Representation through Documentary: A Post-Modern Assessment

Krystin Arneson

Like photography, documentaries are a representational medium: They record and occasionally reconstruct the everyday reality viewers typically cannot experience themselves. Because photography is an indexical sign signifying truth, audiences understand the documentary, a moving photograph, to signify truth also. However, they are able to make the distinction between the “everyday reality” presented by documentaries and the fictive “reality” of cinematic films.

But the documentary’s version of reality is not as innocent as it presents itself to be. Because of the perceived indexical truth-value of the film, the audience is drawn into an everyday reality that seemingly does not need questioning. There is “a sense of co-presence between creator and viewer that gives the viewer the sensation of being both here, now, looking at the image and there, then, looking at what the image represents or evokes.” (Tim Dant, Material Culture in the Social World: Values, Activities, Lifestyles (Philadelphia: Open University Press, 1999), 155.) This relationship is a window for the audience, where “the lens of the camera is, in effect, the eye of the person…with the implication that the two are interchangeable, so that the viewer is in effect ‘there. (Stuart Hall, Representation: Cultural Representations and Signifying Practices (Philadelphia: Open University Press, 1997), 85)

This perception of co-presence, which, when genuine, is precisely how one experiences reality, is dangerously disarming for audiences. Despite their presentation, documentaries are not an objective but a subjective device, a medium that “marshal[s] systems of representation to encourage point of view about something (Toby Miller, Technologies of Truth: Cultural Citizenship and the Popular Media, ed. Michael Renov, Faye Ginsburg, and Jane Gaines (Minneapolis: University of Minnesota Press, 1998), 183) This inherent subjectivity, drawn not only from the construction of the film but also from the interpretation of the filmmaker, makes it impossible for a documentary to ever accurately represent the everyday.

Furthermore, a representation is not the same object as the reality it represents. When screening a documentary, the audience is not watching reality, but a recorded representation of what it once was. Drawing upon post-modernist Jean Baudrillard’s theory of the hyperreal, Bennett argues that “if an object needs a representation, then it is part of that logic that the representation is not its object; but if the representation is different from its object, how can it stand for it truly? (T. Bennett, L. Grossberg, and M. Morris. eds. ‘Everyday’, New Keywords: A Revised Vocabulary of Culture and Society (Oxford: Blackwell, 2005), 307)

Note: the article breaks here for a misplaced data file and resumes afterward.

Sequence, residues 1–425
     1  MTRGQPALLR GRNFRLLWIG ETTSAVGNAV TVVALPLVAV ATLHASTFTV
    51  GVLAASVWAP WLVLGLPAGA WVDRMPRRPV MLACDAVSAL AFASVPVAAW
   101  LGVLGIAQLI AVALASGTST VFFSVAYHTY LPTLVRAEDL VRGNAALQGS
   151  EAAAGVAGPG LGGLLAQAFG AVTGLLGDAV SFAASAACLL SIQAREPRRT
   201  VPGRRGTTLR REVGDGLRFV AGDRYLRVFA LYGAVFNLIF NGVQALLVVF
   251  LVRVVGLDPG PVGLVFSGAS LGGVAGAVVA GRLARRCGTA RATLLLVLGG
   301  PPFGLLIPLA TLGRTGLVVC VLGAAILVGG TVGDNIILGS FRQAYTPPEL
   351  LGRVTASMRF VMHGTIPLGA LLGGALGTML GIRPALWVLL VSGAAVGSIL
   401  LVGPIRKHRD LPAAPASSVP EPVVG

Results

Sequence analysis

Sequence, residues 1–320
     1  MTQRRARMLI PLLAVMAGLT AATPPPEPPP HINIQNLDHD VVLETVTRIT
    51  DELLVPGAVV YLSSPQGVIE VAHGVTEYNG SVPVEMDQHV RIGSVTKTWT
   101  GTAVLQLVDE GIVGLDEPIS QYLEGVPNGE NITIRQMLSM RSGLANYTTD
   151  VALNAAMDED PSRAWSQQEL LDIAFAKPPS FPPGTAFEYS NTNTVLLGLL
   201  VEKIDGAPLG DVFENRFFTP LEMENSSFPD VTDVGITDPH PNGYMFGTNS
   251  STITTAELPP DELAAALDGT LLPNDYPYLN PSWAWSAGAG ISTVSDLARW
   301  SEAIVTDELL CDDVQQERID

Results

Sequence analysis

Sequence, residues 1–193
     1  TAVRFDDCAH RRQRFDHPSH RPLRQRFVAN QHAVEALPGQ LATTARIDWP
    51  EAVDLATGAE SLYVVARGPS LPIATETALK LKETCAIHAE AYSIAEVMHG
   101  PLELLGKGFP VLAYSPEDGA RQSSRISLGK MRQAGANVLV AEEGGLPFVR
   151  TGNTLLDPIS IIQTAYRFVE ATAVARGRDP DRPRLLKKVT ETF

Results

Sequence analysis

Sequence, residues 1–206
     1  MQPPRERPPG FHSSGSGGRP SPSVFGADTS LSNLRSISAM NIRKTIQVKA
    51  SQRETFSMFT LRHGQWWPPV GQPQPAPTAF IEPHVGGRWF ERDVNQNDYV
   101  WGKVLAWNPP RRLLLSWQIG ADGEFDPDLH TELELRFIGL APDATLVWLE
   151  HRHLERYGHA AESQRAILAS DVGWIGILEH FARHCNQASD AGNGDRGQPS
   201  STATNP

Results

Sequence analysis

In an attempt to answer Bennett’s key question, this paper will critically assess the documentary’s ability to represent everyday reality. First, it will examine issues inherent in the construction of a documentary. Then, using Baudrillard and Bennett’s arguments as framework, this paper will address the overarching philosophical problems with representing reality through this medium. Finally, it will analyse an alternative to traditional documentary-making that attempts to form a different kind of truth.

I. Issues Inherent in Documentary Construction

Documentary construction can be divided in two halves: filming and the narrative. The latter complements the former and is composed of interviews or a “voice of God” narration. Both elements are not merely dry recordings of events. There is an art to documentary that obliges the filmmaker to choose camera angles, to string words together into sentences that are not just informative but that tell a story – an art that draws not from objective methods of representing reality, but the fictive world of cinematic production. “The documentary transforms its object into a spectacle of sound and image that draws on signs from the fictive and social worlds…Fictional and factual protocols become tropes of production and reception, as filmmakers and viewers draw on intersecting textual norms to make and decipher meaning” (Toby Miller, Technologies of Truth: Cultural Citizenship and the Popular Media, ed. Michael Renov, Faye Ginsburg, and Jane Gaines (Minneapolis: University of Minnesota Press, 1998), 184)

As a “human document” dealing with not only the hard facts but also the “social and personal aspects” of the theme, the documentary is a representational, recorded version of the everyday created through “[the director’s] personal interpretations of what he or she chooses to place in front of the camera lens.” The “informational value is mediated through the perspective of the person making it, and it is presented as a mixture of emotion and information (Stuart Hall, Representation: Cultural Representations and Signifying Practices (Philadelphia: Open University Press, 1997), 83)